Boxes. Everywhere. We live in a world made from boxes. Gary Connery is soon going to be absolutely reliant on them, as he's going to drop out of a helicopter without a parachute in a special suit and (hope that) the boxes will break his fall. He's mad, of course, but obviously I wish him well. Meanwhile, a quick bit of cardboard box research (ie I Googled) reveals that most professionals in the industry do not refer to these types of containers as cardboard boxes because it does not denote a specific material. What? It's cardboard! What the hell else could it be? It's bits of unbleached wood and paper, these days usually made from recycled materials, and it's used for boxing stuff up. Simple.
OK -- perhaps I am non expert, but I reckon you and I and any of your friends or enemies could spot a cardboard box if they saw one. It's going to be a kind of brown colour, maybe with two or more paper-like layers surrounding a layer of corrugation. (Further Googling reveals this type of box material is known as "corrugated fiberboard", but since the site I read this information on was American, I'm going to call it "corrugated fibreboard", or, even better, "cardboard". What's more, the Wikipedia site I'm researching this from helpfully informs me that a shipping container made from corrugated fibreboard (or cardboard) is "sometimes called a 'cardboard box'..." Seriously, you can't make enlightening stuff like this up.)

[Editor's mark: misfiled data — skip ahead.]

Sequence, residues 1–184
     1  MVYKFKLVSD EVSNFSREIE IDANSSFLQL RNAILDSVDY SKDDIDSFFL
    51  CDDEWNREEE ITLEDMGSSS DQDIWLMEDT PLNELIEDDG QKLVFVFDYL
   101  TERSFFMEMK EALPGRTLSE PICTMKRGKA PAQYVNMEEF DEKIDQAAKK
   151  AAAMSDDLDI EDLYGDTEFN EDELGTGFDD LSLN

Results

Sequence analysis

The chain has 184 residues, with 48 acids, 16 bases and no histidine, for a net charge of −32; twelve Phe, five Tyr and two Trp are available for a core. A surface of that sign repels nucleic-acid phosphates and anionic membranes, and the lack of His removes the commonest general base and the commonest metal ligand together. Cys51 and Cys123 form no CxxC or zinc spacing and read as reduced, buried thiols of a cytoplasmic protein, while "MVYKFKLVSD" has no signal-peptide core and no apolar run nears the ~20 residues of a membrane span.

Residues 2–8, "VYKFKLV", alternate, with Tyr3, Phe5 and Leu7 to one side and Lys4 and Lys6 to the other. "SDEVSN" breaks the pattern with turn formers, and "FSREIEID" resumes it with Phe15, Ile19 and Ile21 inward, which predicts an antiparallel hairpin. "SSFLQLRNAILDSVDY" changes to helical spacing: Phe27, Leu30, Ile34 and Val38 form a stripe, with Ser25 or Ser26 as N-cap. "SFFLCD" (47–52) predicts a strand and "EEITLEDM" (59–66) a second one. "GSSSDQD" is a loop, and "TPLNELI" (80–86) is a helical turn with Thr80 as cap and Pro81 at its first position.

I spotted a box once in London's West End after I'd been for a few drinks with some friends. It was about six feet tall, and was empty except for a wire coat hanger (wire coat hangers -- don't get me started). It seemed like it would be a good idea to be in this box, in the way that being full of wine, beer and After Shock can make things like that seem like a good idea. So my friend Charmaine (not her real name, it's Donald) and her boyfriend Donald (not his real name, it's Charmaine) decided to assist with inserting me into this exciting looking box.